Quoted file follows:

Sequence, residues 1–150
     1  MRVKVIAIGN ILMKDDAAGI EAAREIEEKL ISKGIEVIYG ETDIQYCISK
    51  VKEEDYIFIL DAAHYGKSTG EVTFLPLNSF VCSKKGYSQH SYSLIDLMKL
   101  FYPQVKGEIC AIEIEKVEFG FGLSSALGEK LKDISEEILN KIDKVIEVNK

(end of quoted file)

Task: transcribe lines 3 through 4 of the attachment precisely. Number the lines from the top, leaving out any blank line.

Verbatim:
    51  VKEEDYIFIL DAAHYGKSTG EVTFLPLNSF VCSKKGYSQH SYSLIDLMKL
   101  FYPQVKGEIC AIEIEKVEFG FGLSSALGEK LKDISEEILN KIDKVIEVNK